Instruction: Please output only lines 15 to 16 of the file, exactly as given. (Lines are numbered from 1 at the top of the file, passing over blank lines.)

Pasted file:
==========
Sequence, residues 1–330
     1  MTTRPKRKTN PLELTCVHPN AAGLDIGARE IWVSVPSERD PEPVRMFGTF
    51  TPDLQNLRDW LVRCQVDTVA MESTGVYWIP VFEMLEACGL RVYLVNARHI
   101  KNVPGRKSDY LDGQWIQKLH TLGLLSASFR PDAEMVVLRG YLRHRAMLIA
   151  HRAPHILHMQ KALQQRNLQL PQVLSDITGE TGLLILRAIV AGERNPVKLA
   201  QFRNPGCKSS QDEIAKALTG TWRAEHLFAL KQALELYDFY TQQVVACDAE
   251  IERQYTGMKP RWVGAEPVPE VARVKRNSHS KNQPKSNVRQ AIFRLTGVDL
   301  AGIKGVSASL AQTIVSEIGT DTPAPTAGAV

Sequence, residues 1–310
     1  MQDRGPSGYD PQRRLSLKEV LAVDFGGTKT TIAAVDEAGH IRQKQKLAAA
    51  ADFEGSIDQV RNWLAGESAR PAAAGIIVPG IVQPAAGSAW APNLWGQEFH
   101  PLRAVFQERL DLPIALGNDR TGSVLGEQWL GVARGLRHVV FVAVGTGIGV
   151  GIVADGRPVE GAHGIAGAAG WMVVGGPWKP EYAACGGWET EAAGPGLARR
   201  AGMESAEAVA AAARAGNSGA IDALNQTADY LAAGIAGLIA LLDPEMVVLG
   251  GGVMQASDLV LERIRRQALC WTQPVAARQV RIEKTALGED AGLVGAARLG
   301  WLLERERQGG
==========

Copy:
   251  GGVMQASDLV LERIRRQALC WTQPVAARQV RIEKTALGED AGLVGAARLG
   301  WLLERERQGG